The Future of Mathematics and the Sciences at EC
Plans for the expansion and renovation of the Vennum-Binkley Mathematics and Science Hall at Eureka College are on the drawing boards and will become an intregal part of The Ivy Project in the future.
Eureka College Renovates Gunzenhauser Hall
RESIDENCE HALL BUILT IN 1927 AS MEMORIAL TO BELOVED DAUGHTER
Magdalene Gunzenhauser was a freshman at Eureka College in 1925 when she fell ill and died, but her father ensured that her memory would live on through the residence hall he built in her name. Now, more than 85 years later, the hall has been restored to its 1920s look as part of a residence halls renovation project across the Eureka College campus.
Originally named Magdalene Hall, the structure was built with funds from George Gunzenhauser, a Eureka College trustee from Batavia. It was completed in 1927 at a cost of $50,000 in the colonial revival style with elements of the 1920s art deco style, including circular portals on the front and back of the building. The general contractor was J. M. Allen, Bloomington. The interior furnishings were by Bowling Brothers, Mt. Carmel.
Magdalene Hall housed approximately 40 coeds who were members of the Phi Omega and Delta Delta Pi social sororities.
For the renovation, college officials wanted to retain the 1920s look wherever possible, according to Vice President for Finance and Facilities Marc Pasteris. The original interior wood doors and hardwood and terrazzo floors were repaired and refinished. Small black and white tiles in a pattern popular in the ‘20s were installed in the bathrooms. The original entryway with two decorative columns and a balcony was repaired. Outdoor lighting fixtures are reminiscent of the ‘20s, and the new windows feature mullions, replicating the original design.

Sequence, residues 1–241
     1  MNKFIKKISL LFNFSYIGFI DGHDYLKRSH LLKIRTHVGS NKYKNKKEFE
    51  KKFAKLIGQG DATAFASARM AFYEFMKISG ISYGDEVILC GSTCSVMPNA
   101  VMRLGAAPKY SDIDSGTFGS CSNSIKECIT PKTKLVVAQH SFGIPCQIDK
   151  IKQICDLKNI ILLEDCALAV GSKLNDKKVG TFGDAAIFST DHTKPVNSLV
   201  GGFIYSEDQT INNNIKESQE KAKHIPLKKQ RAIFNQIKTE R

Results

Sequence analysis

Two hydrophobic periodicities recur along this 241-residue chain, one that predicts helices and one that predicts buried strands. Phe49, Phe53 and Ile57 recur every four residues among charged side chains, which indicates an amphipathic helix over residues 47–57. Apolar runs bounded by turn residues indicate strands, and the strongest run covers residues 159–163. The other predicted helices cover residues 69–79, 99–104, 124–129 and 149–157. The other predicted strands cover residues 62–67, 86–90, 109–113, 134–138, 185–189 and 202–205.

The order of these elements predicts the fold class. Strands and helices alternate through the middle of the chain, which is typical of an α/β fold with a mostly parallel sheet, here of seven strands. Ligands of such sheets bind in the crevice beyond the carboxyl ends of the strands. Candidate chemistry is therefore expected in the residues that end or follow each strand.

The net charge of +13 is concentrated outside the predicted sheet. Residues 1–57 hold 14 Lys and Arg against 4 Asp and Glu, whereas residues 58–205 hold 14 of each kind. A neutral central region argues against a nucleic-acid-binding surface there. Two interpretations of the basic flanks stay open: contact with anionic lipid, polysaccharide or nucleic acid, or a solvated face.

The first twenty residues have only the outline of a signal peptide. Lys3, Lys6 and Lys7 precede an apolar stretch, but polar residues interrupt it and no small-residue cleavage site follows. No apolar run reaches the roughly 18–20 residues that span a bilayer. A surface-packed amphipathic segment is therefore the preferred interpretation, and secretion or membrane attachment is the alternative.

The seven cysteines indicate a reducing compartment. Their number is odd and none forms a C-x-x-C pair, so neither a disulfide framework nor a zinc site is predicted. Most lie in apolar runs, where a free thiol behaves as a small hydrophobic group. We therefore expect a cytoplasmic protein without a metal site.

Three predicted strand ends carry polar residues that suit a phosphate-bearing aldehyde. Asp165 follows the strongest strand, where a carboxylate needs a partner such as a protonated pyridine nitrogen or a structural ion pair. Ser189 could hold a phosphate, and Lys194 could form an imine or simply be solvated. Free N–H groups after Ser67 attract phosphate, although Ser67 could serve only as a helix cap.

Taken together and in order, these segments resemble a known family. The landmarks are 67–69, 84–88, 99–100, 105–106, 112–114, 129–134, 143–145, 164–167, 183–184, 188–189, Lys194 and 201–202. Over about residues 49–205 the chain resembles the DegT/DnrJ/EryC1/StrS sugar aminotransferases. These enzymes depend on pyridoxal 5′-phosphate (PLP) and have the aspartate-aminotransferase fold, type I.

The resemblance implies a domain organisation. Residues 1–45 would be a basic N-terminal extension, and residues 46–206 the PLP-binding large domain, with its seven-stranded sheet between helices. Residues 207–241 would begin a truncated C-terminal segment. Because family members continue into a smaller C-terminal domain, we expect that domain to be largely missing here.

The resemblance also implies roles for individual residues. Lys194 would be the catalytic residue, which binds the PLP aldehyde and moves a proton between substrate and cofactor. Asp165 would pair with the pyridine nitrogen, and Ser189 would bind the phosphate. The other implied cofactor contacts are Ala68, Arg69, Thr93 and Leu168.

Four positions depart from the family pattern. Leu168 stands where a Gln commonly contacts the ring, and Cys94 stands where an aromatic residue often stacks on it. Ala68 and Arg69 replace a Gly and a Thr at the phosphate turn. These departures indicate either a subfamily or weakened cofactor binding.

The building, which houses 37 female students, has new paint, flooring, ceiling and lighting systems, electrical and plumbing upgrades, roof and exterior improvements, sprinkler and fire protection systems, room furnishings, and heating, ventilation and air conditioning systems. Renovations incorporated sustainable strategies, Pasteris said.
The total cost was $1.3 million. Contractor was Core Construction, Morton.
When the residence hall originally opened, George Gunzenhauser placed the face of a sleeping cherub on the frieze above the front door. Today, with its face freshly painted, the cherub remains a reminder of a father’s enduring love.
Ivy Hall Opened On Eureka College Campus
Ivy Hall, Eureka College’s new 28,000-square-foot, $6 million residence hall, opened Jan. 14. The three-story structure houses 87 female students, including members of Phi Omega social sorority.
Highlights of the building include:
- Five private wings that each can accommodate up to 20 students. The focus is on fostering a sense of community among students living in each wing.
- Each wing features two lounges for individual and group learning and social activities.
- Two-story atrium lobby named for retired history professor Richard Sanders, who donated funds to build the lobby.
- Study room with state-of-the-art video conferencing technology.
- Laundry, kitchenette, recreation rooms, storm shelter and storage space.
- Geothermal heating and cooling.
- Wi-Fi and keyless security access.
- Sprinkler and fire protection systems.
The college, in collaboration with the construction manager and engineers, incorporated building and material strategies to capitalize on energy savings, water efficiency, carbon emissions reduction, indoor air quality and prudent stewardship of resources. The design capitalizes on daylight, geothermal heating and cooling, precast and poured concrete material, brick exterior, insulation material, innovated roofing, plumbing, windows and flooring material.